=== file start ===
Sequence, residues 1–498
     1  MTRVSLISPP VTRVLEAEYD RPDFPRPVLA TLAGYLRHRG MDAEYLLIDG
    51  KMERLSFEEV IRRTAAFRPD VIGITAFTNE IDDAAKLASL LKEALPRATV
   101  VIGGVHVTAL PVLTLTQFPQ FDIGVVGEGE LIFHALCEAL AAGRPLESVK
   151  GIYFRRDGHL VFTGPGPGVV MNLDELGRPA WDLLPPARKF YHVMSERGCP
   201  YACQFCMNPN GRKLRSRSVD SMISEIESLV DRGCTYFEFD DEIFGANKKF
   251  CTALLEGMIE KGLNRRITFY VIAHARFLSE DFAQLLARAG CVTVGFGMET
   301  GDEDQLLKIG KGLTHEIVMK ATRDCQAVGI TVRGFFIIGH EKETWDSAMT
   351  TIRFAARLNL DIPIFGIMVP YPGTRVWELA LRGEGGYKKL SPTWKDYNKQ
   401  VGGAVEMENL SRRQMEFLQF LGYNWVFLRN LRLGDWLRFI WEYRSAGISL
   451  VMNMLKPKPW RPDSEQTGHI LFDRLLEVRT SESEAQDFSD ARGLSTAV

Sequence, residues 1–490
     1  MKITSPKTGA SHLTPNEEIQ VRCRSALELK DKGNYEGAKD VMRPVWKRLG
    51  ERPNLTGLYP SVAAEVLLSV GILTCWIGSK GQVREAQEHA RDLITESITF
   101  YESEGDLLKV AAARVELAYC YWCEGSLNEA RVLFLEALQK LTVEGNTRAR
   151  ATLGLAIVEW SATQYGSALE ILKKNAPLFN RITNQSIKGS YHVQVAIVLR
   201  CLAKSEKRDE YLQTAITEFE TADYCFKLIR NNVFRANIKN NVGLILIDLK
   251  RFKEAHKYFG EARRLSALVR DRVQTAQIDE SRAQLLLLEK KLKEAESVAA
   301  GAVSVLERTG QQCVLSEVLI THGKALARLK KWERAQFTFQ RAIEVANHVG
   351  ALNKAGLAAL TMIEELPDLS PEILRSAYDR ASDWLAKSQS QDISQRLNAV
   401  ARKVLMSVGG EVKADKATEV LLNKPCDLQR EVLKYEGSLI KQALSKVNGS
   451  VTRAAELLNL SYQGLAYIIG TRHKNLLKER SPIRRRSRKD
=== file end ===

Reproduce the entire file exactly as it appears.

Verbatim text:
Sequence, residues 1–498
     1  MTRVSLISPP VTRVLEAEYD RPDFPRPVLA TLAGYLRHRG MDAEYLLIDG
    51  KMERLSFEEV IRRTAAFRPD VIGITAFTNE IDDAAKLASL LKEALPRATV
   101  VIGGVHVTAL PVLTLTQFPQ FDIGVVGEGE LIFHALCEAL AAGRPLESVK
   151  GIYFRRDGHL VFTGPGPGVV MNLDELGRPA WDLLPPARKF YHVMSERGCP
   201  YACQFCMNPN GRKLRSRSVD SMISEIESLV DRGCTYFEFD DEIFGANKKF
   251  CTALLEGMIE KGLNRRITFY VIAHARFLSE DFAQLLARAG CVTVGFGMET
   301  GDEDQLLKIG KGLTHEIVMK ATRDCQAVGI TVRGFFIIGH EKETWDSAMT
   351  TIRFAARLNL DIPIFGIMVP YPGTRVWELA LRGEGGYKKL SPTWKDYNKQ
   401  VGGAVEMENL SRRQMEFLQF LGYNWVFLRN LRLGDWLRFI WEYRSAGISL
   451  VMNMLKPKPW RPDSEQTGHI LFDRLLEVRT SESEAQDFSD ARGLSTAV

Sequence, residues 1–490
     1  MKITSPKTGA SHLTPNEEIQ VRCRSALELK DKGNYEGAKD VMRPVWKRLG
    51  ERPNLTGLYP SVAAEVLLSV GILTCWIGSK GQVREAQEHA RDLITESITF
   101  YESEGDLLKV AAARVELAYC YWCEGSLNEA RVLFLEALQK LTVEGNTRAR
   151  ATLGLAIVEW SATQYGSALE ILKKNAPLFN RITNQSIKGS YHVQVAIVLR
   201  CLAKSEKRDE YLQTAITEFE TADYCFKLIR NNVFRANIKN NVGLILIDLK
   251  RFKEAHKYFG EARRLSALVR DRVQTAQIDE SRAQLLLLEK KLKEAESVAA
   301  GAVSVLERTG QQCVLSEVLI THGKALARLK KWERAQFTFQ RAIEVANHVG
   351  ALNKAGLAAL TMIEELPDLS PEILRSAYDR ASDWLAKSQS QDISQRLNAV
   401  ARKVLMSVGG EVKADKATEV LLNKPCDLQR EVLKYEGSLI KQALSKVNGS
   451  VTRAAELLNL SYQGLAYIIG TRHKNLLKER SPIRRRSRKD